Fused filament fabrication (FFF) was used to additively manufacture (3-D print) two-prototype circuit-analog (CA) absorbers. The CA absorbers consist of a lossy frequency selective surface (FSS), substrate, and ground plane. In this article, the FSS and substrate were manufactured using two different FFF materials to make a cohesive structure manufactured during a single printing procedure. To design the CA absorbers, the complex permittivity of FFF printed polylactic acid (PLA), bronze-, brass-, copper-, and iron-powder infused PLAs, and a graphite-PLA composite was measured using a free-space materials measurement system. Out of the candidate materials measured, graphite PLA and standalone PLA were selected as the FSSs and substrates, respectively. Complex permittivity data from the selected materials were input to Computer Simulation Technology Microwave Studio so that a genetic algorithm could optimize absorber dimensions. Reflectivity of the printed absorbers was measured using a free-space measurement setup. Measured reflectivity data were compared to that from simulations. A simulated-geometric tolerance study corroborated differences noted between ideal models and measured data. The results showed that FFF techniques can be used for CA-absorber designs and that 3-D printing settings can ultimately affect absorber performance.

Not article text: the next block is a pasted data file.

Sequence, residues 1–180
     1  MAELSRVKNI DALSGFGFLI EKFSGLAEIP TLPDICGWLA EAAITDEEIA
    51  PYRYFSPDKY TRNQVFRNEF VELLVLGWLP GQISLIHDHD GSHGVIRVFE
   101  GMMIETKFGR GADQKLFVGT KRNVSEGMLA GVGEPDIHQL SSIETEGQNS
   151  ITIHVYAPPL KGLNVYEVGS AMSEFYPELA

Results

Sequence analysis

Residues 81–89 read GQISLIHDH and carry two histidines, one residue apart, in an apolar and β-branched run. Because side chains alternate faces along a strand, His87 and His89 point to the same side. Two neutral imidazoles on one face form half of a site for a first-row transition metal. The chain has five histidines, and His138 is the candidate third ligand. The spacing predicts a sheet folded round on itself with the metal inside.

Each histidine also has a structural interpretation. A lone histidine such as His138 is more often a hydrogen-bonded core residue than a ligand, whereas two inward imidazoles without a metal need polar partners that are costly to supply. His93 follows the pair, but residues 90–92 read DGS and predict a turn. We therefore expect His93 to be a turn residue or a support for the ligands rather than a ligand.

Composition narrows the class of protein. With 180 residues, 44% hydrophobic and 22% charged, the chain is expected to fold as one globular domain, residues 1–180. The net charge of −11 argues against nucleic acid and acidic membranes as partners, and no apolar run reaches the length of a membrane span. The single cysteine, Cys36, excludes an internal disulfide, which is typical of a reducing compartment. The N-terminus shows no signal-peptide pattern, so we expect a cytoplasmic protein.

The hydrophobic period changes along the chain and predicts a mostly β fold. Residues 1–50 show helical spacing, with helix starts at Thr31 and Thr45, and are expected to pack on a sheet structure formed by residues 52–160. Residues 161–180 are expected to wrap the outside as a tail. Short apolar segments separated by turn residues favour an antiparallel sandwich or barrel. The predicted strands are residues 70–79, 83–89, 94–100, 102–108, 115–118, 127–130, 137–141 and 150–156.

|Original language||English (US)|
|Journal||IEEE Transactions on Electromagnetic Compatibility|
|State||Accepted/In press - 2021|
All Science Journal Classification (ASJC) codes
- Atomic and Molecular Physics, and Optics
- Condensed Matter Physics
- Electrical and Electronic Engineering